Emil Ford Lawyers

The Importance of Being Objective and Fair

Mr. Solomon (not his real name), a Western Samoan man living in NSW, wanted to be ordained as a minister. He’d been employed as a pastor for 8 years in the Seventh Day Adventist Church but, when he requested ordination, his request was denied. Shortly after this, Mr. Solomon was dismissed from employment by the Church Conference (the governing body of his church). Mr. Solomon later lodged a complaint with the NSW Anti-Discrimination Board, alleging that he was discriminated by the Church Conference on the basis of his race.

The NSW Civil and Administrative Tribunal dismissed Mr. Solomon’s complaint finding that he was dismissed not because of his race, but rather for the reasons that the Church Conference had offered at termination: loss of confidence, loss of trust, and a serious breakdown of the employment relationship. However, the Tribunal found that there were significant shortcomings with the investigation that was conducted by the investigator engaged by the Church Conference to conduct the investigation.

The main shortcoming of the investigation was, in the Tribunal’s view, the decision to limit the number of people interviewed to only a small group of people, none of whom could be described as a ‘supporter’ of Mr. Solomon.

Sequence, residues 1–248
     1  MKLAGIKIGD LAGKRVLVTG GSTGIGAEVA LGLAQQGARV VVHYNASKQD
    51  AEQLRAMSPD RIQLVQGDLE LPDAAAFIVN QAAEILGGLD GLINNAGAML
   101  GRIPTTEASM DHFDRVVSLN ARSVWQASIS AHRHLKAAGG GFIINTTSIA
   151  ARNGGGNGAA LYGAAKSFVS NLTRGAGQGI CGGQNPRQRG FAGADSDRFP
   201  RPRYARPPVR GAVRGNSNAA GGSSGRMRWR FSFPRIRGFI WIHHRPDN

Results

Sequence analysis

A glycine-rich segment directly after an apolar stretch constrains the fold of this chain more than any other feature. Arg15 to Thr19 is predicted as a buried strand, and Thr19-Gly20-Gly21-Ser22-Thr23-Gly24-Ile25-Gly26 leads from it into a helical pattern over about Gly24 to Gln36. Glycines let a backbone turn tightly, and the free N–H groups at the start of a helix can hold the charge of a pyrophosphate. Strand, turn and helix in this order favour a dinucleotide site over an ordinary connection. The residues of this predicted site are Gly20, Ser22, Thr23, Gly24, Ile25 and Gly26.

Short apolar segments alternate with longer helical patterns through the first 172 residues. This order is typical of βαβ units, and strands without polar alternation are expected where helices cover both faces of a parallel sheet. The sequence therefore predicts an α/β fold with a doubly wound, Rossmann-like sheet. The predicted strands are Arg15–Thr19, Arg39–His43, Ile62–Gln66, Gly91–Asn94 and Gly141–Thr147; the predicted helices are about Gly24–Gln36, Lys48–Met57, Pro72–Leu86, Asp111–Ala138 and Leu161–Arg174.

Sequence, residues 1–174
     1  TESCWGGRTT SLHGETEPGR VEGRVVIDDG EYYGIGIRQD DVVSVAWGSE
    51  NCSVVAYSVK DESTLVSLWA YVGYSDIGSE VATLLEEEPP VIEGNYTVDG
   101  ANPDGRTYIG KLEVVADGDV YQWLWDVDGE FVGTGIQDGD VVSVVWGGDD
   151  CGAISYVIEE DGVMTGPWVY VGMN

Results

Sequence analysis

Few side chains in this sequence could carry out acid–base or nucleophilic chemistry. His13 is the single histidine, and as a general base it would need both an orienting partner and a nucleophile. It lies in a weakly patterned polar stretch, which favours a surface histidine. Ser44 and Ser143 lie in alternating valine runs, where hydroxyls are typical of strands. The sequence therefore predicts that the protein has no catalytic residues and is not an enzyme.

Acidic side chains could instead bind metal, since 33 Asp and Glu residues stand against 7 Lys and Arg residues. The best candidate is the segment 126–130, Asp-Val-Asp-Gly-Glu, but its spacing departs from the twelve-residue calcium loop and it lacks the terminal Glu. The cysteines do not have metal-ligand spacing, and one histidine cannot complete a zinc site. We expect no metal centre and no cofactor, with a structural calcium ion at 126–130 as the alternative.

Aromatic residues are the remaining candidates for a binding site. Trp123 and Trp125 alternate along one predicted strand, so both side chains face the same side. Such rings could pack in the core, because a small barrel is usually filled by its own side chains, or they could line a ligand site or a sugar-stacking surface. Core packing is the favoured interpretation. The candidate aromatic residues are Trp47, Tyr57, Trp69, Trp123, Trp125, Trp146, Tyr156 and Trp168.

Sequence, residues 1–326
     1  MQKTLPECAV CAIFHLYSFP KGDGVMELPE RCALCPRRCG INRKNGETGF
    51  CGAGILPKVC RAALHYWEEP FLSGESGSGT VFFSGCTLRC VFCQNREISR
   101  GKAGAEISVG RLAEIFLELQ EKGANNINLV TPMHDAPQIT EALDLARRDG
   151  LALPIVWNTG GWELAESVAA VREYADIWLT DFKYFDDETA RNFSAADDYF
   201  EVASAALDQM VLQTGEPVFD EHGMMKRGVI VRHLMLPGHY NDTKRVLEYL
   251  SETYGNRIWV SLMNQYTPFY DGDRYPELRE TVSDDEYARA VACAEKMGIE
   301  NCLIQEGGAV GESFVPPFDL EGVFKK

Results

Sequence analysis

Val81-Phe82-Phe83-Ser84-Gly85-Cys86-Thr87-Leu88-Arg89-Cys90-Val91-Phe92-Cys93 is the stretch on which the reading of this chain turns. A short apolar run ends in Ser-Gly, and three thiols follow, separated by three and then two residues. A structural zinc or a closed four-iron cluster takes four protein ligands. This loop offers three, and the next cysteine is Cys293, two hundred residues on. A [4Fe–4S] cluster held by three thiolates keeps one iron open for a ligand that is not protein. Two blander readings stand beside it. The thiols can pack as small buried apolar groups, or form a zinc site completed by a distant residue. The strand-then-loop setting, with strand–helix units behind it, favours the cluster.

What lessons can be learned by churches and other not-for-profit organisations from the experience of Mr. Solomon and the Seventh Day Adventist Church? One important lesson to learn is that those governing not-for-profits must have processes in place to deal fairly and promptly with complaints about people, especially ones that could lead to adverse consequences such as dismissal.

For some charity boards, it can be a daunting prospect to investigate such matters. What process should a board follow? How should it investigate a claim? And how does it maintain procedural fairness if the complaint is against one of its members?

We have helped many boards deal with complaints and have run many investigations. By conducting the investigation for the board, we have been able to maintain objectivity and procedural fairness throughout the investigative process.

If your board is dealing with a complaint or would like to know more about appropriate investigative procedures to deal fairly and promptly with complaints, please contact  or .

You may also enjoy reading David Ford’s 2004 paper Investigating the Investigators and his 2009 Practical Issues for Investigators.

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